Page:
Finally, after all of this, a practice test is useful for a few points because familiarity with the test format saves time and headaches during the test.

I hope this helps the reader who asked. It's certainly doable to spend a day on some math and a day on some reading comprehension during the summer. If the parent approaches this work with the right attitude, and enforces the correct habits with their children, the results in school will be dramatic.

My child is a rising first grader and I had a weekly math plan for summer following next year's school curriculum for example week 1 addition week 2 subtraction week 3 multiplication week 4 time...etc. When we're about week 3 now, I did a review sheet and noticed that she is struggling now with some basic addition and subtraction that we did 3 weeks ago although on week 1 she was amazing and getting all the questions right which surprised me. What can I do? How can I modify my weekly math plan so it's not like she can't do basic stuff all of a sudden? BIG SIGH

ReplyDeleteThis used to really frustrate me until I noticed 2 things. First, 40% of the time is bad days, for no apparent reason. Secondly, after 6 months of this the kid turns out to totally get it despite no skill on my part.

DeleteYou may have to email me directly for more guidance, but I would recommend throwing out your curriculum and getting Every Day Math Student Journal Volume 1 for Grade 2, and then go on problem at a time. It goes really slowly at first. Practicing arithmetic on it's own is a disaster.

I am going to be rambling a little bit here because I was just talking to my new neighbor but do want to ask you a question.

ReplyDeleteMy neighbor has two girls who are currently in GT program Grade 3 and Grade 4. On top of that, they're excellent in many areas, e.g., gymnastics, tennis, swimming, piano, visual arts, theatre...etc. and getting prizes too.

I mean how is this possible? As a mom of a rising grade 1 and grade 2 who will take GT tests next year, I am curious about how she did and what she did with her girls. When I asked her she just said nothing special and her girls are special and motivated and she didn't do much, but I know that is not true.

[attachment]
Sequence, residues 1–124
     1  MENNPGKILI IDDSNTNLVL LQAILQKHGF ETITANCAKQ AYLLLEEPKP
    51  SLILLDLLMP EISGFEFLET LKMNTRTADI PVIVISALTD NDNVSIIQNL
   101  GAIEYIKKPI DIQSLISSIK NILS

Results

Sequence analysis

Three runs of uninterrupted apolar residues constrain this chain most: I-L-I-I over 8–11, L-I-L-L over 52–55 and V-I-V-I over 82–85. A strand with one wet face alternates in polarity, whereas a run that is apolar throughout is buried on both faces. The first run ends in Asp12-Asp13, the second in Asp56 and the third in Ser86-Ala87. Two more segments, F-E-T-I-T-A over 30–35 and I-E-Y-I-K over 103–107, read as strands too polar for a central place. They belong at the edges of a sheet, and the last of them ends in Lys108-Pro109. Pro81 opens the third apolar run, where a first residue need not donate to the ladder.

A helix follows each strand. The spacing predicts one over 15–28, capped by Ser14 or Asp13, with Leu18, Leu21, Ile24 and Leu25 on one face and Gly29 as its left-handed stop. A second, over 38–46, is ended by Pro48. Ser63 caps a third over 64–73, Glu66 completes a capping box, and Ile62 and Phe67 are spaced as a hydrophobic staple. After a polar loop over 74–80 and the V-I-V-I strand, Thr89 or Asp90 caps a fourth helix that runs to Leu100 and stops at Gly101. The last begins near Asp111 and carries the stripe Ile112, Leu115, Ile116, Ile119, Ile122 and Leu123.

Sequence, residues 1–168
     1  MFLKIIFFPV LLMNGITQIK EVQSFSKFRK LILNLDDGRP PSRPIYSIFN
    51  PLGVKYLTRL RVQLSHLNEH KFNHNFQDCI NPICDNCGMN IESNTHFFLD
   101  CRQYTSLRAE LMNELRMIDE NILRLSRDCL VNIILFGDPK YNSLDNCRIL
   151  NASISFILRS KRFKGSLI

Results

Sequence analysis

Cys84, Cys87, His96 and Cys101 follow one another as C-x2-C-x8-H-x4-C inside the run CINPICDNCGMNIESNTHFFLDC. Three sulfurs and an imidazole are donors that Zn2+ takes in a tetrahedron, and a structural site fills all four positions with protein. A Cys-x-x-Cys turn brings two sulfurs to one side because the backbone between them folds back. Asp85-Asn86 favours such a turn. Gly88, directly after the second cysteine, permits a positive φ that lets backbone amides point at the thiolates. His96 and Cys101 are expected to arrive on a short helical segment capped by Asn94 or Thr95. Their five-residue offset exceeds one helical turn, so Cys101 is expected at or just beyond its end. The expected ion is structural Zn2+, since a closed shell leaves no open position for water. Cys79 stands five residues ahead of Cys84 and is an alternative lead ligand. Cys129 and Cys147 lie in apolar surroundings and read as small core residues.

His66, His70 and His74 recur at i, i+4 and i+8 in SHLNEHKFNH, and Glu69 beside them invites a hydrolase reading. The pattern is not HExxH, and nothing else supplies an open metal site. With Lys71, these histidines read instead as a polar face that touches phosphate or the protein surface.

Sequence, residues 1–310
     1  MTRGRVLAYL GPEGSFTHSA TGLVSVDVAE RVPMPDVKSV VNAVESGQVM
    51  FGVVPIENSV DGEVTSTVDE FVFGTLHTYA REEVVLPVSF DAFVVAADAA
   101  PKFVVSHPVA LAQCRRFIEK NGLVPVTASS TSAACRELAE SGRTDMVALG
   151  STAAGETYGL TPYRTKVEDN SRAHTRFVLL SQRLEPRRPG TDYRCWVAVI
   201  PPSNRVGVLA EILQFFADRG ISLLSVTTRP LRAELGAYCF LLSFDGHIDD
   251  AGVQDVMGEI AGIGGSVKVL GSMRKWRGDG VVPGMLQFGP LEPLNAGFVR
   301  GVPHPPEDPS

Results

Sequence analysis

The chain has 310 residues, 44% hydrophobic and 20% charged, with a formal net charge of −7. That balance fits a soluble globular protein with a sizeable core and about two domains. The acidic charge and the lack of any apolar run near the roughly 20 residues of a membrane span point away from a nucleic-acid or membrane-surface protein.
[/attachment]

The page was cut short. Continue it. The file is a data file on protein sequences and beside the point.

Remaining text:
How can a kid do all of those without a parent's extremely hard work, planning, finding the right piano/gym teacher and finding the right workbooks and pushing/encouraging kids to do homework, practice music..etc. Am I right?

My kids are not gifted and talented in math, reading or any music or sports but I try to do my best to guide them following your curriculum (thank you!). Sometimes I wonder what I am doing and why I am pushing average kids who are whining about homework or music practice assignment they get from me and try to make them someone they are not and also if the total transformation therefore making it to GT next year and surviving there is even possible if I give this 200% myself.

BIG SIGH HERE.

I hate people like this. I think the first 3 years of my blog are written exclusively for parents like you of kids like yours and mine.

DeleteHere I am 5 years later and we get crying and whining every night at music practice. But they do it, and they've become really good. You might want to read my blog from the beginning on any page where I'm frustrated.

GT is all about the right skillset to be a success in school and everything else. It doesn't happen magically, although some parents do it at age 1 or 2 and then block out the hell they went through, like 3 hours of reading a day. For the rest of us, it can happen later, as late as age 15, and once the kid gets it, he's got it. That's why you're interested in GT. The sooner the better. Some day I'll write a book, but in the mean time, it's all here somewhere in the blog. I've been told by many readers they went through the whole thing and it was a huge help, although there are at least 100 articles I should just delete some day.